A Long Way to the Beginning
Seun Kuti + Egypt 80
FELA Kuti may have shuffled off to meet his maker back in the late 1990s, but the Nigerian Afrobeat flame he ignited burns brighter than ever on the world stage, courtesy of two of his sons, a small army of international acts that have emerged in their wake and a hit Broadway show based on the indefatigable multi-instrumentalist, bandleader and activist’s music and life. Fired by regular visits from the Kuti siblings, the Afrobeat phenomenon has certainly engulfed Australian audiences. Last month, Fela Kuti’s eldest son, Femi, brought WOMADelaide to a coruscating conclusion performing songs from his latest album, No Place for My Dream, with Positive Force. The patriarch’s youngest son Seun had the honour of closing the opening two nights of Bluesfest this weekend with works from his new album, featuring Egypt 80, a band he inherited as a 14-yearold following his father’s death in 1997. Perhaps weighed down by the responsibility of keeping an esteemed legacy alive at such a tender age, the young man took time to find his feet, deferring the recording of his debut album until 2008. Even so, Many Things was a tentative first step. The 2011 follow-up,
Rise, was more assertive and assured, closer to the spirit of his pater, who had pioneered and perfected the James Brown-inspired amalgam of funk, soul, jazz, tribal rhythm and sociopolitical commentary back in the 70s. A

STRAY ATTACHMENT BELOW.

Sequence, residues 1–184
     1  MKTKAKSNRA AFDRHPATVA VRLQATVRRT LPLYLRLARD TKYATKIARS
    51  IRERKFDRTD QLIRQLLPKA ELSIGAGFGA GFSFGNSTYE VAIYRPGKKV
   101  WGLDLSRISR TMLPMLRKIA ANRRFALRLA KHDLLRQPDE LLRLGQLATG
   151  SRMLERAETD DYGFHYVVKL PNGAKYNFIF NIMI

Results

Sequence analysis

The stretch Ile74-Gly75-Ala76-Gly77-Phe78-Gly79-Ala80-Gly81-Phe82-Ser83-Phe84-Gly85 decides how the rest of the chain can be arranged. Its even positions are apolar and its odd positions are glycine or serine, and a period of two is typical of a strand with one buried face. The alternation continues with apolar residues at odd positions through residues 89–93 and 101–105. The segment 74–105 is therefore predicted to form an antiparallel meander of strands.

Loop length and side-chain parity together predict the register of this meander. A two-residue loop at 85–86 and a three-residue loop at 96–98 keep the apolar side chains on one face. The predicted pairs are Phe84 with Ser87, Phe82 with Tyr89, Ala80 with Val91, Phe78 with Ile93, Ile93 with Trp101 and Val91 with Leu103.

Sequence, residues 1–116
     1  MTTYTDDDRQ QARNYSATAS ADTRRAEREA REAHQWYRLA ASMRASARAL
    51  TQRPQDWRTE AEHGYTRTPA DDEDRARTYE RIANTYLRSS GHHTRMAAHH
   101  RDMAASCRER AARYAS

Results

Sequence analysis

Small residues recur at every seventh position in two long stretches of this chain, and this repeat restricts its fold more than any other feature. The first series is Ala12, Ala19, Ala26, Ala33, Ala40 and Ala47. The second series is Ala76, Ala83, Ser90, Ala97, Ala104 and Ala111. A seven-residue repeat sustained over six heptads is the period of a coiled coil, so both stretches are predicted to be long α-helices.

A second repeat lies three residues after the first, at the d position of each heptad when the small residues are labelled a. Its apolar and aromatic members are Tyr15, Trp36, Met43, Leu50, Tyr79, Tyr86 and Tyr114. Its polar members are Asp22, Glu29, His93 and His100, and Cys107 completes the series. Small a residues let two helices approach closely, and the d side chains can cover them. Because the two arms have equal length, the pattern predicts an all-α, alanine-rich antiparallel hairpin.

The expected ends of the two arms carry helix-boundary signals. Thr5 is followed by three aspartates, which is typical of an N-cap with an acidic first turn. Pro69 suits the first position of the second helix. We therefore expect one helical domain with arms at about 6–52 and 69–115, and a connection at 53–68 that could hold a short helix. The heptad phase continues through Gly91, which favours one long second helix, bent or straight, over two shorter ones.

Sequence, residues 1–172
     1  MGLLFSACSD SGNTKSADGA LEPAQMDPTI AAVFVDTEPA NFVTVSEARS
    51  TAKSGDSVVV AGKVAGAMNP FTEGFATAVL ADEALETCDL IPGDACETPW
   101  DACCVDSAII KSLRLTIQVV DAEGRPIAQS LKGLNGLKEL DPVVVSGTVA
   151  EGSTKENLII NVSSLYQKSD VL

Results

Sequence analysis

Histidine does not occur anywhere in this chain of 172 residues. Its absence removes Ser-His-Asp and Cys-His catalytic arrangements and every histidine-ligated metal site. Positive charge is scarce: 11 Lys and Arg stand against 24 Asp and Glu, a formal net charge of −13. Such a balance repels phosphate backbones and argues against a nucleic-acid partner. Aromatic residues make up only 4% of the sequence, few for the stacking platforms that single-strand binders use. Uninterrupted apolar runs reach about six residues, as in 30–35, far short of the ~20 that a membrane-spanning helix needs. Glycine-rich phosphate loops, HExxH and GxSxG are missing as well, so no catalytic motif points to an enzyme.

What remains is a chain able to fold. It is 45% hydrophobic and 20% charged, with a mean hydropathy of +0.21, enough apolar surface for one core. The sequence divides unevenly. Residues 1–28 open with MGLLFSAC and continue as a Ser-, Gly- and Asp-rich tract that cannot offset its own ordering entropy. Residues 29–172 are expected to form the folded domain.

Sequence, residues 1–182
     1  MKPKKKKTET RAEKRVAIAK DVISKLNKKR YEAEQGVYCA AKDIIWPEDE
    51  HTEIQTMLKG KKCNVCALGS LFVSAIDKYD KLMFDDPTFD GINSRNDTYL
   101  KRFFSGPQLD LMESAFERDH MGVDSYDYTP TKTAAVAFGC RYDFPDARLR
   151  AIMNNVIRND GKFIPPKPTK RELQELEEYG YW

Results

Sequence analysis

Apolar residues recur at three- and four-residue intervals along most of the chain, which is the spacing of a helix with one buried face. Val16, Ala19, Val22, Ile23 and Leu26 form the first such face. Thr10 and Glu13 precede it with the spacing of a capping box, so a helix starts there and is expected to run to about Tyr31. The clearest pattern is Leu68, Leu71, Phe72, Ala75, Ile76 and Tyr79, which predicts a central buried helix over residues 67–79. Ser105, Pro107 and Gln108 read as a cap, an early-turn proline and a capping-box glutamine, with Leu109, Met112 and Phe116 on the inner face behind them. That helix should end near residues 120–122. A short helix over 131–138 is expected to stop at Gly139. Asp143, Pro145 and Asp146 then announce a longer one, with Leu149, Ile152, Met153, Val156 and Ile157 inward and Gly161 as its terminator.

Long Way to the Beginning provides irrefutable evidence of further development. With his most authoritative and accomplished album, the Lagos-based scion also acknowledges the fact Afrobeat is an authentic global movement with a significant following in the US. Working with Grammy award-winning American producer-jazz pianist Robert Glasper and several hip-hop stars has added palpable colour and clout to his and Egypt 80’s sound. Politically speaking, Kuti cuts to the chase from the getgo in IMF, lambasting the joint machinations of that financial institution and the Nigerian government in the vernacular, with angry honks from his alto sax, rapping from Dead Prez’s M-1 and caustic lines such as: “We call it poverty pimpin’/ They bootlicking the people, the victim”. Elsewhere, in tag-team mode with rapper Blitz the Ambassador, Kuti urges his compatriots to ignore “the fire monsters” and smokescreens. As he exclaims knowingly in the sizzling, ultra-soulful Kalakuta Boy: “I show no fear ’cos the great man trained me.” The satirical African Airways has a more humorous resonance. A philosophical song delivered in Yoruban is encased in jaunty highlife rhythm. A mellifluous paean to local womanhood features German-Nigerian diva Nneka’s soothing vocals and cool vibraphone. The playing throughout is potent, in the protracted intros that are a characteristic of Afrobeat and in the penetrating horn stabs, pumping bass, guitar fills and riveting brass solos and exchanges that intertwine with clipped chants and call-and-response vocals.